Goals, goals, goals!
There’s only one place to start with this review of November: 22 goals in a calendar month represents Bury’s best haul for well over half a century. There were some free-scoring teams donning white and royal blue during the 50s and 60s, in a period when the Shakers often graced the second tier of English football.
In more recent years, even during the back-to-back promotion seasons under the legendary stewardship of Stan Ternent, the Shakers were never especially high-scorers, notching 66 and 62 respectively between 1995 and 1997.
During my 24 years of supporting the club, excluding the current campaign, the average goals scored in a league season has been a fairly low 55. The most prominent of the upper outliers to this was in 2010/2011 with a total of 82; this was when the club finished runners-up to Chesterfield under the auspices of Alan Knill and latterly Richie Barker in the run-in when the former departed Gigg Lane to take charge of Scunthorpe United. Barker, doubtlessly helped by the senior players in the dressing room, continued Knill’s decidedly attack-minded 4-4-2.
Current manager Ryan Lowe was a crucial part of that squad, and has been spectacularly successful during his short permanent spell in the dugout in implementing the same desire he had for scoring in his playing career as a striker with intelligent movement and instinctive finishing to the pitch, watching on from the sidelines.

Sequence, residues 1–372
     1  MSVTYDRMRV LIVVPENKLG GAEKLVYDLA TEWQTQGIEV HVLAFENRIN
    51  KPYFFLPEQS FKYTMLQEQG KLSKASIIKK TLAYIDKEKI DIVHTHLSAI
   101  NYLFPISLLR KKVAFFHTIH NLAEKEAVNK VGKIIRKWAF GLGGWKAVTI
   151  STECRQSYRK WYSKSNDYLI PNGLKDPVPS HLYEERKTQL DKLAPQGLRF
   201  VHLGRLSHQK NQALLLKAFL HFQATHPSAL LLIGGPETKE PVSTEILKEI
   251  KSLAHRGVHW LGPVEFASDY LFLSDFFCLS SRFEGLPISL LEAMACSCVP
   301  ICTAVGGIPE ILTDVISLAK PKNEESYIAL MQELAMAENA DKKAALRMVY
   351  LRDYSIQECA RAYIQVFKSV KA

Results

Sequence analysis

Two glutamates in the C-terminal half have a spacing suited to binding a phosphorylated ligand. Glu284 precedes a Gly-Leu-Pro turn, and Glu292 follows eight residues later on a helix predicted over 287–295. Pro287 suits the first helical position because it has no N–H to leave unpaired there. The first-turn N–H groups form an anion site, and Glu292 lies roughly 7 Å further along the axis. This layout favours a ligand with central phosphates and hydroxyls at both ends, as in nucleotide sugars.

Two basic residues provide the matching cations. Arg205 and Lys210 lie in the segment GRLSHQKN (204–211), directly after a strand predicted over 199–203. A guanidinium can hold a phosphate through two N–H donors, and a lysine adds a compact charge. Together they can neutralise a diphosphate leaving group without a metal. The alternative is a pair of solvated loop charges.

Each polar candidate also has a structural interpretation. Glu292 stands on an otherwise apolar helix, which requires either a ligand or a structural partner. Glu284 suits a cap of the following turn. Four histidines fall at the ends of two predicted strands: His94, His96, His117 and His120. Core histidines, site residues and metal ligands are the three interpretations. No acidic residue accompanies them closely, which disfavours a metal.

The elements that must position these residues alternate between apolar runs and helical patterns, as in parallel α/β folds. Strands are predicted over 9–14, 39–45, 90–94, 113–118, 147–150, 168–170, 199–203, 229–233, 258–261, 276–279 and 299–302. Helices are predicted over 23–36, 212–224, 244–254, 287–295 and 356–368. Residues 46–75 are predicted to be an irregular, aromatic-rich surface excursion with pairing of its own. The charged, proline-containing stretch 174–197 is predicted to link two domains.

Not only are the Lancashire outfit the top scorers in League Two at the time of writing (by a clear margin over promotion rivals Lincoln City and Colchester United), they rank fifth out of 92, behind overall leaders West Bromwich Albion by three, the unstoppable Manchester City by two, and lastly, Sunderland and (Sunday’s FA Cup opponents Luton Town) in the division above by one.
In the slideshow below, Ben Mayhew’s xG timelines demonstrate that in some of the games, the performance levels haven’t actually hit the same heights as October; Macclesfield Town and Cheltenham Town can feel hard done by to both fall to defeat by three-goal margins.
As Nicky Adams stated during his interview on the D3D4 football Podcast (which I also starred in!), although on paper the formation is 5-3-2, neither he nor Callum McFadzean on the opposite flank really operate as wing-backs, featuring almost as ubiquitously at the other end of the field as the two strikers. More often than not, their respective wider centre-backs cover their forays forward when the ball is either lost or possession is recycled backwards to the defence to start a move once more.